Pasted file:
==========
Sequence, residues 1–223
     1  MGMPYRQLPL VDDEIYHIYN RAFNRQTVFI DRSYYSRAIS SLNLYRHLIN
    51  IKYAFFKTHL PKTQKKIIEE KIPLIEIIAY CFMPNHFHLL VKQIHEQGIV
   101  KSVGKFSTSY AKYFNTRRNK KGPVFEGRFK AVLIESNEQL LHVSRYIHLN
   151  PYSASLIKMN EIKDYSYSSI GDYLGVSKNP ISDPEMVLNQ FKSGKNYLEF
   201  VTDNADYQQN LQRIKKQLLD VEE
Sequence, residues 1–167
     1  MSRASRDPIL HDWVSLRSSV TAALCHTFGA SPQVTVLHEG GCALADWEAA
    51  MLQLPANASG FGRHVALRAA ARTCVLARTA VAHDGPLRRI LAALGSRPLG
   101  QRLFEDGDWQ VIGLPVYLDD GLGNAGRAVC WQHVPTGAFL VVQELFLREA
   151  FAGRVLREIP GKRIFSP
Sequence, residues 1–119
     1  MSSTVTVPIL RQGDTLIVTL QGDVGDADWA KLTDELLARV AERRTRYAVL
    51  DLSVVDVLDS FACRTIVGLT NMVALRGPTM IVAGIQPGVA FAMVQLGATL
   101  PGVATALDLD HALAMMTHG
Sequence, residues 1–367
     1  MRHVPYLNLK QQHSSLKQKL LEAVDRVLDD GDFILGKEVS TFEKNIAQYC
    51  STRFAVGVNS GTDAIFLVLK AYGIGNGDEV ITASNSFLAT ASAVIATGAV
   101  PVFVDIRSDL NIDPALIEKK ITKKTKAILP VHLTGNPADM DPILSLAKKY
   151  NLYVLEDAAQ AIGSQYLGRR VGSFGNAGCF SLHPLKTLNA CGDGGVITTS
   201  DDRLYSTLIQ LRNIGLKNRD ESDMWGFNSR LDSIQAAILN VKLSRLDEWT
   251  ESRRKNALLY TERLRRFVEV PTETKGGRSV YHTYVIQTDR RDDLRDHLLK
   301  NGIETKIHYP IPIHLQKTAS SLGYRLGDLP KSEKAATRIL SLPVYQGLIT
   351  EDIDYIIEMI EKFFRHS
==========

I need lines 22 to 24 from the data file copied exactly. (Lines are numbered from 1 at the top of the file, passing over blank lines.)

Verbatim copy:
   251  ESRRKNALLY TERLRRFVEV PTETKGGRSV YHTYVIQTDR RDDLRDHLLK
   301  NGIETKIHYP IPIHLQKTAS SLGYRLGDLP KSEKAATRIL SLPVYQGLIT
   351  EDIDYIIEMI EKFFRHS